This method will reduce the chance of a limb tearing away bark if only one cut is used. It also allows perfect placement of the last cut since only a small piece is left to remove. This cut is the permanent scar that the tree now has to try and cover up over the next few growing seasons. Experts have discovered that the once common practice of applying wound dressing actually has no benefit. It may actually seal in the spores of wood rotting fungi and create an environment that promotes decay. New times and new ideas are here.
While the question about “should I prune” is still the most popular, the second most popular is “when do I prune?” I always tell folks that when the saw is sharp and your back is strong you can prune. There are a few rules and exceptions. (Science gets in the way.) Avoid pruning oaks during the period April – June. Fresh pruning cuts can increase the chance of infection by a deadly disease known as oak wilt. Oak wilt spreads rapidly in the springtime and becomes less active in the summer heat.
There are also several rules about seasonal pruning. While it is best to prune most trees when it is dormant (winter), we would likely never get any pruning accomplished if we waited for a chilly day with a brisk wind. Early spring pruning may cause some trees to “bleed” a bit (maples). This is rarely a complication and shouldn’t interfere with your desire to get some pruning accomplished.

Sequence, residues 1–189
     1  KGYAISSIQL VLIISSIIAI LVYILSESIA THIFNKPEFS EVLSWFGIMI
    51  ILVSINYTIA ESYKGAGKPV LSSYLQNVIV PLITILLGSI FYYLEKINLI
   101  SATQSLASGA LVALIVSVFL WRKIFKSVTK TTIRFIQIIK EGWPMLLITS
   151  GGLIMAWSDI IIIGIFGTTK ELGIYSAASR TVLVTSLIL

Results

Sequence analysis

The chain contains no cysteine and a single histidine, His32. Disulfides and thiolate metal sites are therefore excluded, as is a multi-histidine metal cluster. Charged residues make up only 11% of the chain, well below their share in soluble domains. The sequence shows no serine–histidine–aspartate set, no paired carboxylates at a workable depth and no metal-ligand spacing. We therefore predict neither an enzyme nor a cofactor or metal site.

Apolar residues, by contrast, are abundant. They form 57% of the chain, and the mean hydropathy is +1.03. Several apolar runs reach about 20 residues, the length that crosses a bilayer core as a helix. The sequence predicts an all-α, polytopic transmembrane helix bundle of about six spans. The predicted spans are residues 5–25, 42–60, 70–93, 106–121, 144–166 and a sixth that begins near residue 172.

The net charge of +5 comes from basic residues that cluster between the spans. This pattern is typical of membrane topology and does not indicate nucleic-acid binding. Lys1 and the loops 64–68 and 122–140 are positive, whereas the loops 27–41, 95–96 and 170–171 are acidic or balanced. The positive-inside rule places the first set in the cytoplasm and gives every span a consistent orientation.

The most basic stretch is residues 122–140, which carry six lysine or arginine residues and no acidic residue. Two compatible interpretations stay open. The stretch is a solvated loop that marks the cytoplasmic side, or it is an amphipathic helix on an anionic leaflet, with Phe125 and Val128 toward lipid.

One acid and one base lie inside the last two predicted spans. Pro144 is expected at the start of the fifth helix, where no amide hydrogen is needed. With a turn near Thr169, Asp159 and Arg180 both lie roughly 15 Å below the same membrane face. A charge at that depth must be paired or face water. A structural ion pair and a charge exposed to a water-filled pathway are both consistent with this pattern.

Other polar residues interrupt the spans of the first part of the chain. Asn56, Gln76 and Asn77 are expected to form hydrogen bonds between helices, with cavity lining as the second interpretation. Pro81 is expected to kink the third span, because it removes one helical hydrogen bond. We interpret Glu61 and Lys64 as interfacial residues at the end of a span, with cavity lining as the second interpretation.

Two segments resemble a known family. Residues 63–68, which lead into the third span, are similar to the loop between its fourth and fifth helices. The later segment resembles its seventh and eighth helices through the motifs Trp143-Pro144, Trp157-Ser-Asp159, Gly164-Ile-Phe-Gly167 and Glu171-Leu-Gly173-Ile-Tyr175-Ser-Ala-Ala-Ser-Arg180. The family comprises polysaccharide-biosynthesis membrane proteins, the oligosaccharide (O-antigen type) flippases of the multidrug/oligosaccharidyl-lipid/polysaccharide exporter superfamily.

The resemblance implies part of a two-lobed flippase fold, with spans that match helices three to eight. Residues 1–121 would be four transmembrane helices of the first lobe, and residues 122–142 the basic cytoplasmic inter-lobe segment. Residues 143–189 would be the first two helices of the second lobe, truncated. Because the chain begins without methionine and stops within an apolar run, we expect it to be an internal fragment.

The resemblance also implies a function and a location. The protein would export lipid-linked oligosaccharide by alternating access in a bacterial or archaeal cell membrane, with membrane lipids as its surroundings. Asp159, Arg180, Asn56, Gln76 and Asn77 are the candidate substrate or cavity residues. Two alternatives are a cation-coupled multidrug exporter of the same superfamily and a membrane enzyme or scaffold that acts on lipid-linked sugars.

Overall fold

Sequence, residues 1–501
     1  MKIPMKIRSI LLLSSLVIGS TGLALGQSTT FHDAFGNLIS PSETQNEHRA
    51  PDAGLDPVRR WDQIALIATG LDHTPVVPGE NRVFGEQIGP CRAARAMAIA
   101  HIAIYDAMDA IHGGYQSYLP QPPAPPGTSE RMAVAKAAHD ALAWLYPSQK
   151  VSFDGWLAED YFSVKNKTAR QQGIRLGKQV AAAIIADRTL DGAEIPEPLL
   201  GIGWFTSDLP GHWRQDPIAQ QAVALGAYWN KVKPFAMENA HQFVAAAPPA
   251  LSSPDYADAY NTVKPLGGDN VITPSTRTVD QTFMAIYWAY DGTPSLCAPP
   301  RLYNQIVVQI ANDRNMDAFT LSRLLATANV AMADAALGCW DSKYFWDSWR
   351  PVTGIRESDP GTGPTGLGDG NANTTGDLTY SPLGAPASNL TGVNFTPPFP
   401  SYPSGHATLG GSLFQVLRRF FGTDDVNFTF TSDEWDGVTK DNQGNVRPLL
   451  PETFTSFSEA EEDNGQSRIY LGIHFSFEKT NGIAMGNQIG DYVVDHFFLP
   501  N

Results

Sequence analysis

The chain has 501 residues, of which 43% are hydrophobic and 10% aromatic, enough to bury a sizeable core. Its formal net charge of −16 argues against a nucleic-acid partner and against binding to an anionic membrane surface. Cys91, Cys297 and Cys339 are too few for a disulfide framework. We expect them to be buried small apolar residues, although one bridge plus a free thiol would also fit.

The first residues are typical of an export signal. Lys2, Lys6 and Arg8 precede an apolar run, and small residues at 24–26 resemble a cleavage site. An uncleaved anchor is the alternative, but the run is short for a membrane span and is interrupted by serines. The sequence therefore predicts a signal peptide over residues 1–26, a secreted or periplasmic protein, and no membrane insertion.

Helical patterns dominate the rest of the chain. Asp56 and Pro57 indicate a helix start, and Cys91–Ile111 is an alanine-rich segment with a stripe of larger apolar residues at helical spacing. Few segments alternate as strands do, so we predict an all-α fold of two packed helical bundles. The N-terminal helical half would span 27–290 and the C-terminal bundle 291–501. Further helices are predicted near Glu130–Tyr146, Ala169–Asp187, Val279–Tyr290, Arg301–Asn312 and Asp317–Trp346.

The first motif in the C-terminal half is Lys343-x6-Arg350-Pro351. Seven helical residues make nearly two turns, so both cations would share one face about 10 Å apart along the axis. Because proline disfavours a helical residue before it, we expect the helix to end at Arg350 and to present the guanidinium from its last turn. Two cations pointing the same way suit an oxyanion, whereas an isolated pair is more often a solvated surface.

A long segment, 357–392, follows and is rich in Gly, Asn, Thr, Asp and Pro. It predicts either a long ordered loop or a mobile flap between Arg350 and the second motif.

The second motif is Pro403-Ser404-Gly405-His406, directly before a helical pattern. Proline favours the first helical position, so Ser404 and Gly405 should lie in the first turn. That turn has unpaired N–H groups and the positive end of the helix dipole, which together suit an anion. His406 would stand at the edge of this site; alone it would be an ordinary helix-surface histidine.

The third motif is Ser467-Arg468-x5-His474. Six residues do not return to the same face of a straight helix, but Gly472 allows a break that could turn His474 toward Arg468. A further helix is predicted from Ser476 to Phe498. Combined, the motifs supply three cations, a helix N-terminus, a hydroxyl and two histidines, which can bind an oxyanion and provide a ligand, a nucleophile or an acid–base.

Lastly, it’s a good idea to avoid pruning just after the spring flush of new leaves has occurred. It takes a lot of energy for a tree to grow a full set of leaves. Even though trees look full and vibrant at that time of year, they are relatively weak until the leaves really kick in and begin to produce the needed sugars. A large amount of pruning may stress a tree at this vulnerable time. Never remove more than 25% of a tree’s canopy over a few years. Over pruning can create an imbalance in the amount of limbs and roots. It can also promote an abundance of sucker growth on the remaining limbs.
For more great information about pruning trees you can visit the web sites listed below. To prune or not to prune….that is the question. Or should it be… how do I prune?